A few photos of the Colani-Abarth car mentioned in earlier posts which I took at the Bonhams auction, Goodwood, at the end of August. It attracted a lot of interest but didn't sell on the night because it didn't have the right papers (whatever that means).
Thanks, for the beautiful pictures of the car. I will let someone more knowlegeable decide if it is really as labeled, based on what I've written below. That statement is not a reflection on the poster just a basic knowledge of how Abarths more than Alfas can be misidentified and fraudulently represented.
As far as not selling because "it didn't have the right papers," it could mean a lot of things, like the title wasn't clear, taxes are owed on the car, it was illegally imported, there is a suspicion of fraud or that the title has been doctored in some way, the seller didn't get what he wanted and that was an easy way to pull the car etc.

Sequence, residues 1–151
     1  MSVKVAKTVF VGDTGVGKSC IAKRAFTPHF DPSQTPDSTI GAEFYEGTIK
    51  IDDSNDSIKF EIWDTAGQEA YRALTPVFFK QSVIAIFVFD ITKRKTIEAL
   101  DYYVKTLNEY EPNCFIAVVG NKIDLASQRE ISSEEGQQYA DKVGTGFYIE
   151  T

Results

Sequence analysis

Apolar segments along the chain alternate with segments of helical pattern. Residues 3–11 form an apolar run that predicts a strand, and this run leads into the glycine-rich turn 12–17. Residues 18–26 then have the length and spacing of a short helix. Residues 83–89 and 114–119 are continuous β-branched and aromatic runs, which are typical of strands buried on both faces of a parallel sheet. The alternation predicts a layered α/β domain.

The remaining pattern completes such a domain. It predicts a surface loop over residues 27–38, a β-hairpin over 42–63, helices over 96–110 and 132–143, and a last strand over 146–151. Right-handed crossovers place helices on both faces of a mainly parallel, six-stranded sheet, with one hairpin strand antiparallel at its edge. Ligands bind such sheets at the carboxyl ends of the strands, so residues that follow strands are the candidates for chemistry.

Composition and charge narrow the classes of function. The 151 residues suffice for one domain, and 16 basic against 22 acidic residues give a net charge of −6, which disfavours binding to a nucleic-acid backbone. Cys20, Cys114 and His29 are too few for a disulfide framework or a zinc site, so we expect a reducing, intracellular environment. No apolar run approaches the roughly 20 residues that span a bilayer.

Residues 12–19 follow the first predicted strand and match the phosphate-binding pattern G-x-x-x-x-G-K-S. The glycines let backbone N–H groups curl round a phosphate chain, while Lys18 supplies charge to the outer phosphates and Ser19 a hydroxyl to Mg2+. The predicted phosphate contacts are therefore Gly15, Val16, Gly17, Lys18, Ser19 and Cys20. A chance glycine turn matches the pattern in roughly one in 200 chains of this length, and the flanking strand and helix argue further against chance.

It's amazing the cars that make it to auction and the sale is never finalized because the deal is unwound after the auction due to something that has been discovered or misprepresented in some way by the seller, the auction house etc. e.g. the car never existed and it's proven after the fact, as an example. While I'm sure there have been many others and probably since, the Alfa I remember in this category was auctioned at Amelia Island for some astronomical price at the time and it was later discovered that the car was a fraud, the deal unwound, and it was sold outside of the auction for a much lower price, as an acknowledged fraud, which it was.